Capital — the Forgotten Currency

Capital is a safety net that allows you to take risk or go through perilous times and survive

From both a business and personal perspective, of everything that comes to mind when analysing and trying to put 2020 into some sort of order, the concept of “Capital” sums up the year for me; in every sense of the word.

From a business perspective — those who had accrued financial capital to fall back on during the toughest times, were able to continue to do business — paying bills, paying staff. That in itself — ensuring timely payments of salaries, is a social bond, and part of an employer’s social [and professional] capital. Furthermore, from my own observations and interactions, I also noted that much of the social capital accrued between individuals and businesses during this time, came to fruition; those who did need support, or an extension for payment of invoices, supplier credit or an extension of delivery times, were able to pool the social and professional capital they had with their counterparts, so they could still function, in some form. Or perhaps even to grow. Those who had earned or indeed lost professional capital in pre-COVID times, were unlikely to have any reserves to call upon during COVID.

Capital exists across all sectors; it’s a form of insurance. Without it, how do you get by when things take a turn for the worse? If I was going to invest in a business today, especially a small business, one of my first questions would be to enquire on the sustainability of the business. What capital do you, and your team, have? How much health capital do you have? How resilient are you and how will your capital [in every form] support you?

Of course, capital isn’t simply financial or social capital; as a business, experiential capital is also critical. If you, as a business, can provide great returns and deliver a great service — this helps to build your capital — and will keep customers coming back, through the good times and the tough times. If you can deliver great experiences during COVID — amidst all the challenges that are thrown at you and your enterprise? Even better. Your capital stock rises even higher. People choose who they do business with, just like they choose which businesses they patronise. Customers have long memories and value great service.

The reverse of this is the fact that businesses often choose their customers. At Sparkle we make the onboarding of new tribe members as pain free as possible, but it is still essentially a selection process by us and our algorithms as we take our potential Sparklers through identity and fraud management processes. They select us and then we select them. But making that initial process seamless and stress free is the beginning of Sparkle building capital with new customers.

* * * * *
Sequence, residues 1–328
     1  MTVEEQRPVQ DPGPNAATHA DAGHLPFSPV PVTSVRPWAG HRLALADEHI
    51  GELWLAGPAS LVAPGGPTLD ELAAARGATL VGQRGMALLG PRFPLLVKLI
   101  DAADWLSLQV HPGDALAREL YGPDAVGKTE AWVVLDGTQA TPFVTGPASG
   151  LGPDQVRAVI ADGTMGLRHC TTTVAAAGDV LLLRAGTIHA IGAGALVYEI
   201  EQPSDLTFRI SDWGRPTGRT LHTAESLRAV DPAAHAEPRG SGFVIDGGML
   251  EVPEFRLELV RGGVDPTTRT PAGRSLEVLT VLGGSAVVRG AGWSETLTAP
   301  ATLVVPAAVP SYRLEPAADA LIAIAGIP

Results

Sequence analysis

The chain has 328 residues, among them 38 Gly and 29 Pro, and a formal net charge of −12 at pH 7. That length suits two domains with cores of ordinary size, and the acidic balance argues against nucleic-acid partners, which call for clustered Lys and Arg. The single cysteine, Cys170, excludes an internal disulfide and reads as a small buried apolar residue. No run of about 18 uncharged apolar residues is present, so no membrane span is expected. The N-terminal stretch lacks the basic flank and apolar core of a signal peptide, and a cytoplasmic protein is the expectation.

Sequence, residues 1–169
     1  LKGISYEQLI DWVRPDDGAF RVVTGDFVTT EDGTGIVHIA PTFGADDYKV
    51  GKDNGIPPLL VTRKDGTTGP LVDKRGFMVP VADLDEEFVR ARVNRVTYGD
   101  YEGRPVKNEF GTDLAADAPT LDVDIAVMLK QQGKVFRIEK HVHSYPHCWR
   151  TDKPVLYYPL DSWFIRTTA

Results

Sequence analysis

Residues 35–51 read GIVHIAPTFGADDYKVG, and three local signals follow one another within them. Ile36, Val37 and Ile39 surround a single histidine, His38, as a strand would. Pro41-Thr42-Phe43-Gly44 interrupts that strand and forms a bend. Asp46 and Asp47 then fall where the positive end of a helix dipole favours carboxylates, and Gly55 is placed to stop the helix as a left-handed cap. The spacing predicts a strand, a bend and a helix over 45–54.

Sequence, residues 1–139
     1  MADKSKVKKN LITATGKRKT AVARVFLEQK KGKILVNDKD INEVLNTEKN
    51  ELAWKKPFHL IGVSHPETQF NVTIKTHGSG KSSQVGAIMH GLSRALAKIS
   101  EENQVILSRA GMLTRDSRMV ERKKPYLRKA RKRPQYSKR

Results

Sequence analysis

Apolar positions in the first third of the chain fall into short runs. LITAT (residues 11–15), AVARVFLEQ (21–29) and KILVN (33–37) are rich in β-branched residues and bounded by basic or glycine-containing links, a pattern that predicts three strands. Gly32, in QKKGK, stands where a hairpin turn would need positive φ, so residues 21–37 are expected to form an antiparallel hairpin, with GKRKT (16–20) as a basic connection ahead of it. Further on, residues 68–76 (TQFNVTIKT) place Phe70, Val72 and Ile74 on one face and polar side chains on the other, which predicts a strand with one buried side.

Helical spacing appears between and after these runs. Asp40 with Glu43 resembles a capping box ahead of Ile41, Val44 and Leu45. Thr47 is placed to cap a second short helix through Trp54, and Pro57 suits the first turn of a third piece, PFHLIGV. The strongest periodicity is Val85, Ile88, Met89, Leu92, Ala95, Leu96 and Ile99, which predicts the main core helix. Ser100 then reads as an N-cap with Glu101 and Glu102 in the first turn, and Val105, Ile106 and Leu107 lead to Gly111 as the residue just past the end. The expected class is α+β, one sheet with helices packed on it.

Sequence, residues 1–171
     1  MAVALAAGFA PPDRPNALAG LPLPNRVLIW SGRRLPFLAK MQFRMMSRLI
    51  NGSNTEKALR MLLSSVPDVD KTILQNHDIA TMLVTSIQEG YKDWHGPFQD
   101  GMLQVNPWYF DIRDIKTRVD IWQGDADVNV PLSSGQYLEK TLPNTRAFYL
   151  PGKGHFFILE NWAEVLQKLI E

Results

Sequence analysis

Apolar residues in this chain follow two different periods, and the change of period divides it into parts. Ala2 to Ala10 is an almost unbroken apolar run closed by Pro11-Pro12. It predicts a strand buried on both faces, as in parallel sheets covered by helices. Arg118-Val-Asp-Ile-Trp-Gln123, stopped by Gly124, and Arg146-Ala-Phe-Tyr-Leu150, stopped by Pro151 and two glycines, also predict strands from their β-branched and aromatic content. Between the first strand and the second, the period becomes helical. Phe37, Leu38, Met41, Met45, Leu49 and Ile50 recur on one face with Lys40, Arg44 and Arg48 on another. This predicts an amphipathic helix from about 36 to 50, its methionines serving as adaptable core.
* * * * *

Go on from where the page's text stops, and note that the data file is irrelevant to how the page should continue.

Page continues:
As a Catholic boy, this concept of capital and how it’s accrued got me thinking about the Old Testament; Genesis, to be precise, and the seven years of famine in Egypt.

Genesis 41:29 — Seven years of great abundance are coming throughout the land of Egypt,

Genesis 41:30 — but seven years of famine will follow them. Then all the abundance in Egypt will be forgotten, and the famine will ravage the land.

Joseph’s reputation for interpreting dreams had given him enough social capital with Pharaoh, who then gave him a platform where he could share his idea for storing grain away in the good times [seven years of abundance], to prepare for the bad times [seven years of famine]. These lessons still ring true today; during the good times, we should also be thinking ahead and planning for the bad times. Or in the case of 2020, the terrible times. We need to invest in and build our capital all day, every day, with every interaction — personal or professional.

Looking back at the businesses and individuals who weathered 2020, the vast majority of them had capital reserves across all areas; financial, personal, professional network and social. And if this isn’t something you had previously considered, let us hope that 2020 was the adrenaline shot, straight into your heart, that you needed. We need to think long term and assess our own capital stock. This year should really have focussed everyone’s attention on not only the immediate challenges, but also the longer road ahead and what the priorities are further down the line. This is a long journey; and like any journey, you have to decide what you’re going to pack. What’s important? If you only have cabin-only baggage allowance, you really think hard about what goes into the case. If you hadn’t thought about capital, in all its guises, and only operate on a superficial and transactory basis — now is the time to reconsider your MO.

Capital is built through trust and credibility; and there’s an obvious link in terms of capital and financials when it comes to Sparkle, but perhaps a less obvious link in terms of our company ethos — that we were built on transparency, trust and freedom and we are focussed also on social capital. We are building a long-term business, and going on a journey with our tribe. Starting with the basics, our trust and transparency brings them into the fold through social capital — but then delivering an amazing product and service helps us grow our experiential capital. As we build our tribe, we also hope to grow a network capital.

As I reflect on the year we’ve had, and what has helped me to be resilient, and also those businesses and individuals who I believe have been resilient, I see that a common denominator is planning, strong networks and an abundance of capital — in all its forms. And I continue to think about Joseph and his example of preparing for the future, as we move into 2021. I wish you all a sparkling new year.